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City Of Light
"Would you push five for me?" asks the woman. "I'm having trouble with my hands today."
I poke the black button next to the cutout number and my knees plié at the jerk of the taut cables. I stare at the numbered panel of the elevator, waiting for the digits to light and extinguish, but eventually my eyes shift to the woman next to me.
I notice her crutches right away. They're not the type you buy at the drugstore after a twisted ankle then toss into the attic after a weekend of use. These have no padded ledges beneath her armpits on which to rest. Instead there are two rigid, four-inch cuffs, each locked on the long black sleeves covering her slight arms. Her hands, I presume, normally clench the foam grips that protrude from the metal sticks and hit her at the hips. Now, however, they fumble with the zipper of a brown saddle-shaped purse slung across her chest. Ignoring her is an option; avoiding her is impossible.
Not much bigger than a wine barrel, the elevator we're squeezed into is one of those cage-style carriages embellished on three sides with delicate gold swirls and flourishes, and an industrial crisscross gate for a door that collapses and expands in graceless clacks. The space is barely big enough for one, romantic for a couple, but for two sets of unfamiliar eyes, awkward. The elevator ascends sluggishly, as if being hand-heaved by two men in the basement. It would have been faster to take the stairs the six flights up to my room, which I did yesterday.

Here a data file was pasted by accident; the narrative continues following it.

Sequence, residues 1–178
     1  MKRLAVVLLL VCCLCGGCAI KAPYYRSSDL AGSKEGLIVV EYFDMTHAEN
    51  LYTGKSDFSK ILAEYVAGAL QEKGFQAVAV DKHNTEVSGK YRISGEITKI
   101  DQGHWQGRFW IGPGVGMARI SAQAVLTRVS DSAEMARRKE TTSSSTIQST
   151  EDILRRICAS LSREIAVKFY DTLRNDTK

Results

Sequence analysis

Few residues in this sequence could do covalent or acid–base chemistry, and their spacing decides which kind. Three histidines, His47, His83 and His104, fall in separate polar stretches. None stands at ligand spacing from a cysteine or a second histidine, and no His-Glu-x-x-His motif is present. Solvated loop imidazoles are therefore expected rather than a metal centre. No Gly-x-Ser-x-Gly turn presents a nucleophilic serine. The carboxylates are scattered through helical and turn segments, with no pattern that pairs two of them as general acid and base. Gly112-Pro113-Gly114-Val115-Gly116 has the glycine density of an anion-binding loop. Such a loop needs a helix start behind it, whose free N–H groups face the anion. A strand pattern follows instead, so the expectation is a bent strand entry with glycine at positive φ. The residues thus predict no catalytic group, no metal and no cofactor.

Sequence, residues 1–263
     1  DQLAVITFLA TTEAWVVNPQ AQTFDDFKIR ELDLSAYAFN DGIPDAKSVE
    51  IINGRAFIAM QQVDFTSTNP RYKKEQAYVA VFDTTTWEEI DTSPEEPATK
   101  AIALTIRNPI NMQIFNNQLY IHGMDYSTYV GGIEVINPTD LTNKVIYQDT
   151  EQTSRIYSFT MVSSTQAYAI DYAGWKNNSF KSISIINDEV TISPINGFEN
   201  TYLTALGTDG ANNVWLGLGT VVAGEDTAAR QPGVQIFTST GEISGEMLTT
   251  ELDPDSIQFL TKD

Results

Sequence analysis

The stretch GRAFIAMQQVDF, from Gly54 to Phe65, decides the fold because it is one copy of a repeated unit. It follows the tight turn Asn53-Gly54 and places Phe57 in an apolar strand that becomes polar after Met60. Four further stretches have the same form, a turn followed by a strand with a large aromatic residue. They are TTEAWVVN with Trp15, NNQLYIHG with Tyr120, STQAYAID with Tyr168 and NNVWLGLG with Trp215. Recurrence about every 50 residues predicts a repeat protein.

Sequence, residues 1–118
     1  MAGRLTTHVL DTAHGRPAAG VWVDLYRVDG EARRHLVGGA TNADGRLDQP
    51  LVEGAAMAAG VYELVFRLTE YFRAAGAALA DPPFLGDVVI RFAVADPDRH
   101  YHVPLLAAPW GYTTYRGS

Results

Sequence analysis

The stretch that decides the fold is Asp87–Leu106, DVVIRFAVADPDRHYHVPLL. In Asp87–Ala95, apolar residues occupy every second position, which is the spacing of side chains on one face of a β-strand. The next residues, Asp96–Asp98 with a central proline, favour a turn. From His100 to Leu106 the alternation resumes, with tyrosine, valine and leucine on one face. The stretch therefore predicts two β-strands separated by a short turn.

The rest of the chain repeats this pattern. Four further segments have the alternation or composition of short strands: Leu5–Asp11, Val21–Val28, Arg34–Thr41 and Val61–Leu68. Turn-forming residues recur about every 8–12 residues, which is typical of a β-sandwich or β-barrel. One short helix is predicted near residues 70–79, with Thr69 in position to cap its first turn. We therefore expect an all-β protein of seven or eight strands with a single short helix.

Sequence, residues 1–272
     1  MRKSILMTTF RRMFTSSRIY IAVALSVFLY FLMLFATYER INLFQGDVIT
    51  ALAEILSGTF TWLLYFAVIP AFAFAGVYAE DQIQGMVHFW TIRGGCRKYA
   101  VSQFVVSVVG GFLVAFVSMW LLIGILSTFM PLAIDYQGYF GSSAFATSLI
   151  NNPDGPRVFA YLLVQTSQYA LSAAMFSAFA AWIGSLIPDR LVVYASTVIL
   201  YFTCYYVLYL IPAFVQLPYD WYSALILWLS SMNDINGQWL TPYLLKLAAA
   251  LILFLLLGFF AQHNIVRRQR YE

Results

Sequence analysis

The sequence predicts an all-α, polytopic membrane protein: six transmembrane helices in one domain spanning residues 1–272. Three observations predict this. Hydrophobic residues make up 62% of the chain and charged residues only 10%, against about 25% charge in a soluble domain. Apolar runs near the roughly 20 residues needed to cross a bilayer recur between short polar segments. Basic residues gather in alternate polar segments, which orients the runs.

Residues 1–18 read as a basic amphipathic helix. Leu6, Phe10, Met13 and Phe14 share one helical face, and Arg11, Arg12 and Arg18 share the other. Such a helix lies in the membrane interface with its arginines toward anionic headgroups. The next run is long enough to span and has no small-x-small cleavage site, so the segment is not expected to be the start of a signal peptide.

"Can I help you with that?" I ask, nodding toward the woman's purse.
"Yes, thank you," she says.
I reach over and slide the zipper open.
She interlaces her fingers and caresses the length of each, then says again, "I'm having so much trouble with my hands."
Her statement is an inverted invitation, the equivalent of "I had the best meal last night" – only I get the feeling her answer won't lead me to a new bistro in the seventh arrondisement. I stare at my feet, the carpet, the rubber tips of her crutches. Out of the corner of my eye I see the number two button light up.
Asking the question was no problem in high school, when my friend Cyndi appeared on crutches one morning in a cast that stretched from her ankle to upper thigh. By the time the afternoon dismissal bell rang, her white plaster canvas had been transformed into a purple-penned, heart-dotted "I" masterpiece. Cyndi made swinging like a pendulum on one foot appear flirtatious, and for the next six weeks girls carried her books, and football players carried her crutches – and her – up the stairs to her second-floor classroom. I laughed until my cheeks hurt when she dropped a pencil between the cast and her skin while trying to scratch an itch, and when she was finally cast-free, Cyndi ceremoniously chucked her crutches, and the rogue pencil, into the school dumpster to the cheers of about a dozen classmates. To this day, I don't remember the answer to the question of how she actually broke her leg; all I know is that Cyndi grew more popular because of her defect. She had somehow made it seem cool to be impaired, and at the time, I too desired that kind of attention, even if it meant splintering a limb to get it.